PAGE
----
This image made from a militant video posted on a social media site on Wednesday, Aug. 5, 2015, which has been verified and is consistent with other AP reporting, purports to show a militant standing next to another man who identifies himself as 30-year-old Tomislav Salopek, kneeling down as he reads a message at an unknown location (Photo: AP)
Egypt's Foreign Minister Sameh Shoukry told his visiting Croatian counterpart on Friday that Cairo is sparing no effort to protect a Croatian abducted by Islamic State militants who have set a deadline of less than one hour until they execute him if their demands are not met.
Sinai Province, Egypt's affiliate of the Islamic State group, published on the internet a digital clock with a countdown to the expiration of the ultimatum, which ended at 17:35 CLT.
A statement on the background reads: "A message to the Egyptian government: Release the [female] prisoners or the Sinai Province fighters will kill me."
"Egyptian authorities are making intensive efforts to try to identify the whereabouts of the hostage," a foreign ministry statement on Friday quoted Shoukry as saying.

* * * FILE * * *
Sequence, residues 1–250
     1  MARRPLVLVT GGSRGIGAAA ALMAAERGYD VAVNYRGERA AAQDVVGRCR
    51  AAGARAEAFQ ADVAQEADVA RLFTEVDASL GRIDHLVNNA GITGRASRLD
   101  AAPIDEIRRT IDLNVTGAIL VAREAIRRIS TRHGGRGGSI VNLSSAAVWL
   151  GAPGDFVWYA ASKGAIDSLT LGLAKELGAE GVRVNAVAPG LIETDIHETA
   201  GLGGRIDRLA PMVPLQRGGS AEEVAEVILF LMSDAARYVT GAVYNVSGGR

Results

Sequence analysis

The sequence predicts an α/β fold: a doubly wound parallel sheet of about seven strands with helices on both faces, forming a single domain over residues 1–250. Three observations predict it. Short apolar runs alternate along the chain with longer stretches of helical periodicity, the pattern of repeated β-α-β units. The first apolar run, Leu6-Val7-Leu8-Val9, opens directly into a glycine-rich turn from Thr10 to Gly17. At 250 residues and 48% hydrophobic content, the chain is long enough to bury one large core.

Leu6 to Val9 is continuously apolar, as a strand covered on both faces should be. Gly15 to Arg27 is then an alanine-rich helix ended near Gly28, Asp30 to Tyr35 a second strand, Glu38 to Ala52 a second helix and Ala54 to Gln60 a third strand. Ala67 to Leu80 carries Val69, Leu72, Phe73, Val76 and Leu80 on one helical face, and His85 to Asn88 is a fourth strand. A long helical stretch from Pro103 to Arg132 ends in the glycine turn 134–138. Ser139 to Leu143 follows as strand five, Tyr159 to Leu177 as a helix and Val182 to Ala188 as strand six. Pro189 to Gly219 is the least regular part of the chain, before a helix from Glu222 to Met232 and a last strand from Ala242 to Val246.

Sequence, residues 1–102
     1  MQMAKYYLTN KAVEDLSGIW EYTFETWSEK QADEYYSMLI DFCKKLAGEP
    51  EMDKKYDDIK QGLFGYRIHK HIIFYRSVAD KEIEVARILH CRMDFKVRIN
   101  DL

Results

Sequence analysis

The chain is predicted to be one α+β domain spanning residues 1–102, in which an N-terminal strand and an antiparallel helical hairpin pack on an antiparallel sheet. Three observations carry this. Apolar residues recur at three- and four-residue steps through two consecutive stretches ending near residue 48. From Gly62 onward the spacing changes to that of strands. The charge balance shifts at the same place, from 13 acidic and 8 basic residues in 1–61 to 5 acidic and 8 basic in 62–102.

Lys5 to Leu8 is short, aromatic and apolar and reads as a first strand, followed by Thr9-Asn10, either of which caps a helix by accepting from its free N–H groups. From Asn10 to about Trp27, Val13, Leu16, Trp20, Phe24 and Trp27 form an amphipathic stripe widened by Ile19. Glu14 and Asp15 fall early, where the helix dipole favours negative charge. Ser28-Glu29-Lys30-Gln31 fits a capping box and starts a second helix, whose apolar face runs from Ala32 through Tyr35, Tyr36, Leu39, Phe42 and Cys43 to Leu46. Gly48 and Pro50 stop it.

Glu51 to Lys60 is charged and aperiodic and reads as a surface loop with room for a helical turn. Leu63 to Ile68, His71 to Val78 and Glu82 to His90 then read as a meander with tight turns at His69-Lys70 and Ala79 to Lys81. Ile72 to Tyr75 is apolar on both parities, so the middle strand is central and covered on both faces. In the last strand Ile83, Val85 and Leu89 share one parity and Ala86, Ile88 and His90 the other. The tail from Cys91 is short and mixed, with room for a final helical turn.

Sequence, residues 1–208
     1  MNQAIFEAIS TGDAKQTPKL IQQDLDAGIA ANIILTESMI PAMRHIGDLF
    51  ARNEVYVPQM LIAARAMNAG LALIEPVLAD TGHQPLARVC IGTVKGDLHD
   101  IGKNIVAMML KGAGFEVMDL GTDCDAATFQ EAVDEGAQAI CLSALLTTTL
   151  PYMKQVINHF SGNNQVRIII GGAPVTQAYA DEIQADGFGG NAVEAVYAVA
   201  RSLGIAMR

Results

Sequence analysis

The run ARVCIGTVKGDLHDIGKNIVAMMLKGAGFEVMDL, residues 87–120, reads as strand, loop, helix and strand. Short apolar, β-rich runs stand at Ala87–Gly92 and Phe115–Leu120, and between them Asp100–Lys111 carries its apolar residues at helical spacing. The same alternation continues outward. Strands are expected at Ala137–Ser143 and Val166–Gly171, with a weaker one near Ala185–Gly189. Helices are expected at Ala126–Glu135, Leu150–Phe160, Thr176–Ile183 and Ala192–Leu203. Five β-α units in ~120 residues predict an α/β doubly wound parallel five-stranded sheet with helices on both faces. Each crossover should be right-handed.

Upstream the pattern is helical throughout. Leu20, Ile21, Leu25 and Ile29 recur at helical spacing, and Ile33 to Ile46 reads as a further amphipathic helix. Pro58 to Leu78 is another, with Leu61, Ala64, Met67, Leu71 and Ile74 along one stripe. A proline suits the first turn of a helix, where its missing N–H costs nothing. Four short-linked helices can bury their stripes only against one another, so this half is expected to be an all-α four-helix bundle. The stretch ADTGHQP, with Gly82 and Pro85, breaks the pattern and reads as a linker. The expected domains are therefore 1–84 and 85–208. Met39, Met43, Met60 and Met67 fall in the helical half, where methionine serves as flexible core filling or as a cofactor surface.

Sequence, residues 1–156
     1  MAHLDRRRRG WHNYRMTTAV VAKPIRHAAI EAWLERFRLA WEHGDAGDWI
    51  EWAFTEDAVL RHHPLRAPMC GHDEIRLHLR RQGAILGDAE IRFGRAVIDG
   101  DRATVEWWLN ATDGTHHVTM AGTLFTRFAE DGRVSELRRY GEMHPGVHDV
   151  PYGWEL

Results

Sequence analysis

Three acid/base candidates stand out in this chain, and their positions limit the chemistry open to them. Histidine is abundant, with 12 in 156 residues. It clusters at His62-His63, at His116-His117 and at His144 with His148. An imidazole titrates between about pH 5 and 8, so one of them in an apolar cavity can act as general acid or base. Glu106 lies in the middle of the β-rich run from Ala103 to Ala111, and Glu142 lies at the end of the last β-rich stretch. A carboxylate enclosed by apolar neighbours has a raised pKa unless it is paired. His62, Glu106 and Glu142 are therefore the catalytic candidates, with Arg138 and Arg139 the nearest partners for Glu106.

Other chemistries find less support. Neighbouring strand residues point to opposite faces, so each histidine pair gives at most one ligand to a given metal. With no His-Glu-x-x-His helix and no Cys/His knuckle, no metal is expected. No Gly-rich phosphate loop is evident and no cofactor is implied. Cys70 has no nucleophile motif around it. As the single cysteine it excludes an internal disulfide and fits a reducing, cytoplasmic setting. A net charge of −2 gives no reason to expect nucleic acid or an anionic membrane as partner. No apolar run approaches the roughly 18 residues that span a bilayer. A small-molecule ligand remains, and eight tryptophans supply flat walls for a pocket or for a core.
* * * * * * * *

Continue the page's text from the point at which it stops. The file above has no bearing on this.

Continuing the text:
Egypt "will spare no effort to protect the Croatian hostage," the statement added.
The father of Salopek urged the kidnappers on Thursday to release his 31-year-old son, a father of two.
"I am asking the people who hold my son to let him return to his family, because his motive to go to your homeland was exclusively to earn bread for his children. Nothing else," Zlatko Salopek told AFP.
In a video released online by the group Wednesday, Salopek appeared kneeling next to a masked fighter holding a knife.
As he read from a piece of paper, he said that his captors would execute him in 48 hours if Egyptian authorities did not release female prisoners.
Croatian President Kolinda Grabar-Kitarovic said she would talk to Egyptian President Abdel- Fattah El-Sisi by telephone to solve the issue.
"Rest assured that we can actually do everything in our power to resolve this," she was quoted by local Croatian media as telling reporters in the city of Split.
Sinai Province, formerly known as Ansar Beit al-Maqdis, pledged allegiance to the IS group in November last year. The group has claimed responsibility for the deadliest attacks since the insurgency began two years ago.
The group claimed responsibility for a car bomb which targeted the Italian consulate in Cairo that killed one civilian in July, the first such attack against a foreign mission in the country.
Foreigners have largely been spared from the violence.